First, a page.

Ontario announces backwards plans to rebuild Pickering nuclear
Another backroom bonanza for nuclear interests
In yet another backroom deal bonanza, the Ford government has signed off on a plan to rebuild four 40-year-old nuclear reactors at North America’s third-oldest nuclear plant – the Pickering Nuclear Station in the eastern GTA.
The government is offering no information on how much this dubious plan will cost in total, but lots of happy talk about its ability to get these ancient (and outdated) reactors rebuilt on schedule. Of course, that schedule anticipates the patched-up reactors coming back online over a decade from now, which is a strange way to deal with a supposedly pressing need for increased electricity supply. And it sure won’t help this province’s lame efforts to address climate change as it relies more and more on polluting gas power to fill the gap.
There is not a chance that the cost of power from these rebuilt reactors will be competitive with the current cost of solar and wind power. And given that solar and wind power costs just keep dropping, this plan is going to look like an even worse bargain for the people of this province a decade from now.
Which explains why the Ford government has not required Ontario Power Generation (OPG) to put forward its proposal in any sort of competitive procurement process, like what it requires for truly cost effective solar and wind projects. Once again it is backroom deals and cost secrecy – the hallmarks of nuclear projects in this province.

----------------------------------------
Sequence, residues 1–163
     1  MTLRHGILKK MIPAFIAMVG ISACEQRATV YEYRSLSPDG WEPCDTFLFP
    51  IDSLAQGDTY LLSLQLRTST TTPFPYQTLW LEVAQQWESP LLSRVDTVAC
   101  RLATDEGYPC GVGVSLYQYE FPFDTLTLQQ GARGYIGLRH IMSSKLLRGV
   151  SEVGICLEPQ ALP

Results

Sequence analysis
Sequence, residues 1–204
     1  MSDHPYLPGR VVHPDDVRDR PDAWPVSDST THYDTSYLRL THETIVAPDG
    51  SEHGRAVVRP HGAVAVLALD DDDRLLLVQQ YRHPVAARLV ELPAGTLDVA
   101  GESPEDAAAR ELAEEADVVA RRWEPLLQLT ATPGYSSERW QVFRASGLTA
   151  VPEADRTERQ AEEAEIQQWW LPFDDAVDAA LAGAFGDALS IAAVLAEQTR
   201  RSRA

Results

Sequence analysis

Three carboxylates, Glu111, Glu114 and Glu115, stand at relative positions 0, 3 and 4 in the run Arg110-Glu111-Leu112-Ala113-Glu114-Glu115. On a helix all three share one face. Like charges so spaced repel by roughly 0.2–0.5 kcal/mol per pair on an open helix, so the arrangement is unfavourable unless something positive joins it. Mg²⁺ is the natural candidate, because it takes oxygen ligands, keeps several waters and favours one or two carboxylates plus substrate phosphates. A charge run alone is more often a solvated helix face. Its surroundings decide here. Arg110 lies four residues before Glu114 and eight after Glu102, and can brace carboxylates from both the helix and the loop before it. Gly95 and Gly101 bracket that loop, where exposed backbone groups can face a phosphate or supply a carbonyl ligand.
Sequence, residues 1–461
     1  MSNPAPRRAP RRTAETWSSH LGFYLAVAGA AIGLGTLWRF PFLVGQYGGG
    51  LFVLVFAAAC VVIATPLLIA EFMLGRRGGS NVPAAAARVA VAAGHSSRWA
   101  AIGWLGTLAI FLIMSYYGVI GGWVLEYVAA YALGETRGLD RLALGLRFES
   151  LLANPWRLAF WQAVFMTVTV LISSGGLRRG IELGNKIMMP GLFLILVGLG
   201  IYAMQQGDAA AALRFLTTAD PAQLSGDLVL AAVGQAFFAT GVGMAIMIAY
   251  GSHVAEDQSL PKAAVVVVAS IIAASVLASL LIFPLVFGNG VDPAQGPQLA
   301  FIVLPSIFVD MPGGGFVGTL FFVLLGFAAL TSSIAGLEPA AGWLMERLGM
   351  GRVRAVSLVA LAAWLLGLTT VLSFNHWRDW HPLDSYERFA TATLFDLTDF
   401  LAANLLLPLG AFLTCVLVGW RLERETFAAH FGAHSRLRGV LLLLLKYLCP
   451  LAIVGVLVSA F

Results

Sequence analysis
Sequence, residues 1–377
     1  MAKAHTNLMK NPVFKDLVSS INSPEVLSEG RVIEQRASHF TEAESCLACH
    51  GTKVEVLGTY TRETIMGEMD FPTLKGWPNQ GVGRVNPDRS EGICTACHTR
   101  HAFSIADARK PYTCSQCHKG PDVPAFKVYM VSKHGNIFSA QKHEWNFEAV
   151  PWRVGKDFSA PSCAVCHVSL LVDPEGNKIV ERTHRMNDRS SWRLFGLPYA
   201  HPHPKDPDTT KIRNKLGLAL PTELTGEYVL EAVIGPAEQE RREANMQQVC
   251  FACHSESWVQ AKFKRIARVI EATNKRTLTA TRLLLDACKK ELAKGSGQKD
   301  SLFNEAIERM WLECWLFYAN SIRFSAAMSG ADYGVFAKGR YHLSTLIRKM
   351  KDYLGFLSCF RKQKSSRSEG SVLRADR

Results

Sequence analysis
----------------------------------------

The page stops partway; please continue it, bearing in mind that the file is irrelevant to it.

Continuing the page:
We’re also sure to hear lots of talk about how Pickering can provide “firm” baseload power. This, of course, is just more Model T thinking from a government that is firmly stuck in the past. There are numerous ways to cost effectively store renewable energy, from batteries and thermal storage, using Quebec’s huge water reservoir system or turning EVs into power storage devices.
The Pickering Nuclear Station is a dangerously outdated facility surrounded by more people (within 30 km.) than any other nuclear plant in North America. Its deadly radioactive waste is stored in conventional commercial warehouses on the shores of Lake Ontario, the source of drinking water for millions of people. And that waste isn’t going anywhere for decades – if ever.
Now the Canadian Nuclear Safety Commission has to sign off on the reckless idea of continuing to operate these reactors that are already operating well past their engineering best-before date. Sadly, hopes that this toothless regulator will finally wake up and say this plan is simply too risky are slim.
A smart government would be focusing on tripling Ontario’s wind and solar capacity and reaping the benefits of low-cost climate-friendly power that doesn’t create radioactive waste or endanger millions of people. That’s what BC and Quebec are doing. Great Lakes offshore wind power alone could meet all of Ontario’s current power needs.
Instead, we see another bad idea cooked up in backrooms for the benefit of powerful interests. Not a good look, Mr. Ford.
Please send Premier Ford, Energy Minister Todd Smith, Opposition Leaders and your MPP a message demanding full cost transparency for this project and a release of the IESO’s assessment of the viability of this project.
Angela Bischoff, Director